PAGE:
Statutory service needed to help refugees build lives in Scotland

Holistic Integration Report  Front Cover June 2016
Holistic Integration Report June 2016

People fleeing conflict, torture and terror must be given extensive help and support, as well as time to find their feet, if they are to rebuild their lives in Scotland successfully – and a programme designed to do just that shows how this can work, a new report has found. 

The report, produced by Queen Margaret University, examines the work of Scotland’s Holistic Integration Service, a partnership programme led by Scottish Refugee Council. 

You can download the full report or the executive summary.

The report calls for refugees to have the right to access well-resourced, statutory integration support. Despite great resilience and determination to integrate into Scottish society, new refugees continue to live lives characterised by insecurity and poverty after receiving the right to live and work in the UK, according to the report. 

The findings confirm that the 28 days provided for by the Home Office to enable refugees to ‘move on’ from asylum support and accommodation are inadequate. Difficulties accessing benefits, including ongoing problems in the allocation of National Insurance Numbers and the processing of benefits claims, continue to leave people at risk of destitution after they have leave to remain.  

High proportions of new refugees experience homelessness in Scotland. Twelve per cent were unable to access temporary accommodation when they presented as homeless and were advised instead to ‘stay with friends’, an option not always available to people who have recently arrived in Scotland.  

Despite being strongly motivated to work and contribute to society, New Scots face many obstacles in their attempts to secure jobs and learn English. Just 9 per cent of people recently granted refugee status are in work one year after receiving a positive decision from the Home Office on their asylum claim.   

Refugees interviewed by researchers spoke of struggling to balance long-term career goals with the short-term need to learn English and gain work experience in Scotland.  

Although the majority of refugees arrive in Scotland without family members, people reported that they had frequent contact with relatives and friends.  These social connections, and positive views of the welcome offered by Scottish residents, were strong motivating factors for people to remain in Scotland after being granted leave to remain.  However people were keen to increase their opportunities to meet with other Scots and participate in the community.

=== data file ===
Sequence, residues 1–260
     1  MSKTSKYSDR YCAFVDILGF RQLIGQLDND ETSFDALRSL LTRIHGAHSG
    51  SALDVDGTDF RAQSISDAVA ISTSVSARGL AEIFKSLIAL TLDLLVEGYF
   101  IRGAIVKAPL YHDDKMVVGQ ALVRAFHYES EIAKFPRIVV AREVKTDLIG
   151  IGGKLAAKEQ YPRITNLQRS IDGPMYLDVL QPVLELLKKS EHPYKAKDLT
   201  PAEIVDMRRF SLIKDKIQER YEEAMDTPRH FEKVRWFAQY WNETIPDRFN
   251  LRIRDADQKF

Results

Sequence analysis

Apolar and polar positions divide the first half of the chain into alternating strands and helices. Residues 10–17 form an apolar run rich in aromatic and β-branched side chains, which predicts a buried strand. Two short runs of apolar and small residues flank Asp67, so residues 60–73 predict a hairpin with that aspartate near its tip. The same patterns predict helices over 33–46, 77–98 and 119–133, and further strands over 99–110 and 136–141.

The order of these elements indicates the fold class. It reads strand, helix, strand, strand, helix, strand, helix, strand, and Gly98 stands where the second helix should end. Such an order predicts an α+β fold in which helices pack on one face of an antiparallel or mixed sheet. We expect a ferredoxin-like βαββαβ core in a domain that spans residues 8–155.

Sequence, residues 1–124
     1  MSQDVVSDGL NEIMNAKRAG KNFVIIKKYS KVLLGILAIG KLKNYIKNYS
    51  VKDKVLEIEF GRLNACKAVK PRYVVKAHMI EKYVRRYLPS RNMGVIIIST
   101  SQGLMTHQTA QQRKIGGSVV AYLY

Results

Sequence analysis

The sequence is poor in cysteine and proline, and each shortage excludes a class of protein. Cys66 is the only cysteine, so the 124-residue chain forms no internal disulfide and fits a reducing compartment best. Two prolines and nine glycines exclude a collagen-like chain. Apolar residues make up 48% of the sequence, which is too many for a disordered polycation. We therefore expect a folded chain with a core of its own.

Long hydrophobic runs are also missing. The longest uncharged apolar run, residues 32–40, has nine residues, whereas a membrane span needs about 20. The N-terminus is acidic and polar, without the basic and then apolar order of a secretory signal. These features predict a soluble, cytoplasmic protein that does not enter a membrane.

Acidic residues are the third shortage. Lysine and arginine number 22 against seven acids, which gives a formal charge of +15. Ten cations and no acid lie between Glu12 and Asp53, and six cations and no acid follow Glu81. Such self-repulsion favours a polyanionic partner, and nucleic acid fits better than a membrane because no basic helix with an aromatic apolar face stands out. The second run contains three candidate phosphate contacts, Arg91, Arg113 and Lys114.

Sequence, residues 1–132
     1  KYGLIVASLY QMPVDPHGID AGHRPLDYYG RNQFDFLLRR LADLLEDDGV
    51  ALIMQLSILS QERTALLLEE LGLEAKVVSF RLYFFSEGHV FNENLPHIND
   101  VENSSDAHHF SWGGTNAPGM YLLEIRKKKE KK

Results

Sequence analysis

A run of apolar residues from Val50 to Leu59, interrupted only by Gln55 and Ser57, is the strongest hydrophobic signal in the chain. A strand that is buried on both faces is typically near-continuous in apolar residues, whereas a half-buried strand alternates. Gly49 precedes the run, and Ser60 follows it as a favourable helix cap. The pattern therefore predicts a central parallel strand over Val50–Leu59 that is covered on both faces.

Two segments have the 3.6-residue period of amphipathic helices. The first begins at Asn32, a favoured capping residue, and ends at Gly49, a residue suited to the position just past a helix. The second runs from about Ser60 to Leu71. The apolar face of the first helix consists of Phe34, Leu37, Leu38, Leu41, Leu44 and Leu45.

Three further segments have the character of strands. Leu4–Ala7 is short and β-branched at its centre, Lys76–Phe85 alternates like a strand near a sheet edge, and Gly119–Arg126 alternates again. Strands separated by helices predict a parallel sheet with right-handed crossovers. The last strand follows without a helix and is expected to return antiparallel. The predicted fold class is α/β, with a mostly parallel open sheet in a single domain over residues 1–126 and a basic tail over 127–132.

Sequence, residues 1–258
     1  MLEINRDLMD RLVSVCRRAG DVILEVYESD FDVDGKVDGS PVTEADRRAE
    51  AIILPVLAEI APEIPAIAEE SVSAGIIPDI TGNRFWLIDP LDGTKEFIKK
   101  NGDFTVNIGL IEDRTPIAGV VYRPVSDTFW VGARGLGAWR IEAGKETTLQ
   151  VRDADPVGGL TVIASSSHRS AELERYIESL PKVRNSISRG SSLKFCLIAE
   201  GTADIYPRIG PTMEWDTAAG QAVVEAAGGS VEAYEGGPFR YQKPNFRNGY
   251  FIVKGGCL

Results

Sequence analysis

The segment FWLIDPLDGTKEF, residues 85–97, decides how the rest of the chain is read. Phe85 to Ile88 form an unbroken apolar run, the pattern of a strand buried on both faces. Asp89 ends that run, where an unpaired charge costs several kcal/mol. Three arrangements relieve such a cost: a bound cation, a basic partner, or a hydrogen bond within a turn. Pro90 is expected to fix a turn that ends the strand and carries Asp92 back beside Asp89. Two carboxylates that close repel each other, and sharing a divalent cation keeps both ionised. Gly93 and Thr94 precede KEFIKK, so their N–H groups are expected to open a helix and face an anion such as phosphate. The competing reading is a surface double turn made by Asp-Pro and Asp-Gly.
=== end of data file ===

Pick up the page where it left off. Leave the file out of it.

New Scots from some communities, particularly those joining settled communities from their home countries in Scotland, were able to use their social connections to find job opportunities. Many people spoke of feeling uncomfortable depending on benefits, and all planned to be self-sufficient in future, including several who were planning to set up their own businesses in Scotland. 

The report shows the resilience of new refugees but also the barriers they continue to face. These barriers can be addressed by improving access to rights, promoting social connections and systems improvements by statutory services.  Models of peer education and empowerment developed under the auspices of the Holistic Integration Service provide examples of ways in which refugees themselves can use their own self-agency to build independent and fulfilling lives in Scotland.

Scottish Government Minister for Employability and Training Jamie Hepburn MSP is launching the report today, Monday 27 June. He said:

“The Holistic Integration Service provides an invaluable service for refugees. Its integration work is an example to the rest of the UK and indeed the world. I would like to thank Scottish Refugee Council, its partners and all the refugees who have contributed to the report.  

“We will continue to do all we can, on all fronts and not just employability, to support the integration of refugees and asylum seekers in Scotland, no matter how they arrived. I am very proud to work in partnership with Scottish Refugee Council and other organisations in this endeavour.” 

Scottish Refugee Council head of refugee services Wafa Shaheen said: 

“So many of the people we work with are desperate to get back into employment or to set up independent businesses. It is very frustrating to see people prevented from doing this because they are lost and bewildered in a new, complex system. Refugees need and deserve professional advice and advocacy at this point in their lives to help them overcome these hurdles and to help them fulfill their potential in Scotland as New Scots.

“Our service provides people with practical support and acts as a bridge to Scottish society. But evidence clearly shows that without our support even the most capable refugees are not able to access their rights. We believe that the model we have developed now needs to be a statutory right embedded in legislation and not left to an overburdened and overstretched voluntary sector.

“The report demonstrates Scotland’s distinctive and humane response to refugees and is a model respected elsewhere in UK. A dedicated service like this is needed now more than ever, given the current humanitarian crisis.”

Scottish Refugee Council’s report gathers evidence from around 2,000 people who have been supported by the organisation’s Holistic Integration Service over the last three years. The service supports people in all areas of their lives once they receive a positive decision on their claim for protection in the UK. 

Caseworkers help people understand and navigate housing and benefits systems as well as supporting them to build social connections, find work or education and plan for the future. 

Partners on the Holistic Integration Service were British Red Cross, Bridges Programmes, Glasgow Clyde College and Workers Educational Association Scotland.